Prose & Poetry - Wilfred Wilson Gibson
Wilfred Wilson Gibson (1878-1962), a close friend of Rupert Brooke and a protégé of Edward Marsh, was born in Hexham in 1878.
Gibson worked for a time as a social worker in London's East End. He published his first verse in 1902, Mountain Lovers. He had several poems included in various Georgian poetry collections prior to the war. He also wrote a play, Daily Bread, which was produced in 1910.
After the outbreak of war, Gibson served as a private in the infantry on the Western Front. It was therefore from the perspective of the ordinary soldier that Gibson wrote his war poetry.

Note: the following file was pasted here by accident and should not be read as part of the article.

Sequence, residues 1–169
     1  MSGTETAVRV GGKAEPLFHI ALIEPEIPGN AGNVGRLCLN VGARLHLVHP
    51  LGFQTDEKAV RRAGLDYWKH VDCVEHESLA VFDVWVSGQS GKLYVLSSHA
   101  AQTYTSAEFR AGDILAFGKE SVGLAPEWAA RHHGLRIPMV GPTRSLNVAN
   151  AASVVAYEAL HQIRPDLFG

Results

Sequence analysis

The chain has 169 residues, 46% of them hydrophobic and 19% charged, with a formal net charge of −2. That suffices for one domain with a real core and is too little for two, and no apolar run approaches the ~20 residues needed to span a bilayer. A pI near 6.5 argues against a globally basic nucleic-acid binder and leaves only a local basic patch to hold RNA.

Following the armistice, Gibson continued writing poetry and plays. His work was particularly concerned with the poverty of industrial workers and village labourers. Collected Poems: 1905-1925 was published in 1926, The Island Stag in 1927, and Within Four Walls in 1950.
Wilfred Wilson Gibson died in 1962.
Neck-deep in mud,
He mowed and raved -
He who had braved The field of blood -
And as a lad
Just out of school
Yelled - April Fool!
And laughed like mad.
Around one million Indian troops served in WW1, of which some 100,000 were either killed or wounded.
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